one side I try to feel the other side. Try to get the feeling of solidity. Bottom of
the rib cage.
Okay, I’m going to draw this one on the right. Just get overall rhythms of the figure.
Subtle balance and not worrying about the lines to start with. Just get the overall
flow. Rib cage. Feeling one side to the other. Scapula. Hip structure. Feeling that hip pulling
off the glutes. This leg fitting in.
If there is any time quick…
I just want to get this head set in space real quick. The neck is behind that. The 7th
vertebrae is here. Angle the shoulders, trapezius. Okay. Now, this flow of this rib cage coming
off, and I’m thinking about this perspective, foreshortening. The hip coming off behind
that. Hitting this great trochanter and come down. Okay, let’s get the spine. I’m trying
to see through. Whenever you have poses like this you want to look through and try to the
feel the form underneath. Like this hand I’ll get later on if I have time. I want to get
the major stuff here, which is the torso, rib cage fitting into the hip structure.
I want to feel this scapula coming off here.
It’s a little more time to analyze.
Got the head back there. Got the rib cage.
I’m not looking at parts.
I’m thinking about the overall rhythms and fluid relationships and the harmony, the action.
You always want to go for the action of these figures. You always want to think about the
movement and the rhythm parts fitting together like both of those legs I’m putting together
right now because they’re kind of grouping.
Okay, so where is the pit of the neck? It’s under here somewhere. Sternum is under here.
Rib cage here and here.
I think I just broke my pencil, but I think I can get a little more out of it.
That’s why I have several to spare. I want to feel this oblique fitting in.
Pelvic crest there where I laid it in.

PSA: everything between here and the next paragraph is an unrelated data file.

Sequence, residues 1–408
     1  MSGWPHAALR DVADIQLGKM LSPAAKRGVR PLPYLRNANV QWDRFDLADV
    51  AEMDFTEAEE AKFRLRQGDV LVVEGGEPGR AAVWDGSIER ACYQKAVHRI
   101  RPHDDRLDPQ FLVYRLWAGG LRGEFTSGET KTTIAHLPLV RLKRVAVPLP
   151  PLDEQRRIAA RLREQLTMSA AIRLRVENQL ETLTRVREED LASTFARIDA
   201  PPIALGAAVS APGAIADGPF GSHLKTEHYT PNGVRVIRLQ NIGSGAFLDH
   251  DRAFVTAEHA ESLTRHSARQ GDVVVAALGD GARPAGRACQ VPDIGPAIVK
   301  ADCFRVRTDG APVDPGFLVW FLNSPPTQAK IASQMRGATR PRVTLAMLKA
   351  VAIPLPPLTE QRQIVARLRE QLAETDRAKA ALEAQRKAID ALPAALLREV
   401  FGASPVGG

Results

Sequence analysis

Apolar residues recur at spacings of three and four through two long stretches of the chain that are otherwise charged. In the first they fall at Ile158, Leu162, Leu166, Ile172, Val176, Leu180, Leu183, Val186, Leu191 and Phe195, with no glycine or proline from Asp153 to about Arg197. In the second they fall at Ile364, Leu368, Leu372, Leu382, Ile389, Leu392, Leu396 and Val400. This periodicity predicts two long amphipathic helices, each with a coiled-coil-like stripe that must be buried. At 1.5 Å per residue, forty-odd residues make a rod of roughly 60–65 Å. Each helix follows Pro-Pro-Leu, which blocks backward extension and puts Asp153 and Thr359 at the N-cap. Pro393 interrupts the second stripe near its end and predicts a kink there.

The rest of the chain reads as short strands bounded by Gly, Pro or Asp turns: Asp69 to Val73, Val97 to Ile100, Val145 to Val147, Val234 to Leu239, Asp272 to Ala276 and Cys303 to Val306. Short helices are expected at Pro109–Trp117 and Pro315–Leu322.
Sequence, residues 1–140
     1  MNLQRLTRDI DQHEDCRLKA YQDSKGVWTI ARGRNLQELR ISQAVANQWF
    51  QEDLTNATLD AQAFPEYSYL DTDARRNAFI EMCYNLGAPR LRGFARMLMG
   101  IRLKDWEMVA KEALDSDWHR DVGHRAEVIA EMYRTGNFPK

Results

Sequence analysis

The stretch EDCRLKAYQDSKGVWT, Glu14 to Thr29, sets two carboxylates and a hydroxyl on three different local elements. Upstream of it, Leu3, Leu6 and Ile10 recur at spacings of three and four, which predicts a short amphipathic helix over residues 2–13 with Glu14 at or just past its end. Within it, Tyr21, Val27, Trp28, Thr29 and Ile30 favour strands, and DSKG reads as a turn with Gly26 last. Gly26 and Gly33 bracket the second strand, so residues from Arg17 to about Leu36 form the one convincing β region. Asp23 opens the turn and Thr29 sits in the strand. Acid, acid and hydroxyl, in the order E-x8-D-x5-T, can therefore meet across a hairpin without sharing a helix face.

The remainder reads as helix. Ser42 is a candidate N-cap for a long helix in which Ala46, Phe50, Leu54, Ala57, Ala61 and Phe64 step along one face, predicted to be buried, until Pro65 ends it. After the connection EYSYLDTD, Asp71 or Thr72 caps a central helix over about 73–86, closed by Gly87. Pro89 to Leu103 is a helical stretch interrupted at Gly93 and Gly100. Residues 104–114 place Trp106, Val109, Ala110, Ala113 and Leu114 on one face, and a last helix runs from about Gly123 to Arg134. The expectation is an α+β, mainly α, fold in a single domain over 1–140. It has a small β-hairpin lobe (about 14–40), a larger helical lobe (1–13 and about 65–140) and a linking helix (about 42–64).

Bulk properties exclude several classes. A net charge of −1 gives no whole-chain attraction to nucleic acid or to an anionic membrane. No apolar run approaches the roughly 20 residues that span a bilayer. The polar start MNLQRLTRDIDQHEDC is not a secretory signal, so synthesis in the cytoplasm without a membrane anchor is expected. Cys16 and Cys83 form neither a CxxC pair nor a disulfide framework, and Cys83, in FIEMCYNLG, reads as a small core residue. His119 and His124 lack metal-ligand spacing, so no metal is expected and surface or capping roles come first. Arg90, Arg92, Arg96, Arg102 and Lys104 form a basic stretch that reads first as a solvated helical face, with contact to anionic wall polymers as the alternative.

Feel the cylinder of this thigh coming toward me.
Got the other side of the glutes here and this other thigh underneath coming toward me.
You can see as I’m drawing I’m using the side of my pencil, and then the broad
side, so thin and thick lines together.
I’m just going to leave that here for now, and
I’ll get back to that.
Okay, so here we have the pectoralis, breast on top.
Breast on top.
Going behind the rib cage.
The arm coming from here, from the shoulder under there. Okay, so let’s get a little
bit of tone, core shadow coming down.
Quickly lay in a little bit of this light here.
At the last minute if I have time I’ll hit in a couple darks real quick, little accents.
Okay, so I want to get the feeling of this head to neck, 7th vertebra.
This shoulder relationship.
Getting that kind of blocked in, this head and neck, shoulders.
Okay, now for the action.
I’m thinking of opposing rhythms.
I’m getting overall fluidity of
the pose and rhythmic statement of the pose.
Okay, so now I’m thinking of solidity now.
I’m going to feel this rib cage.
The 7th vertebra. We’ve got the spine coming off of that.
I’m just going to get a little bit of an overlap here just to show more volume. Sometimes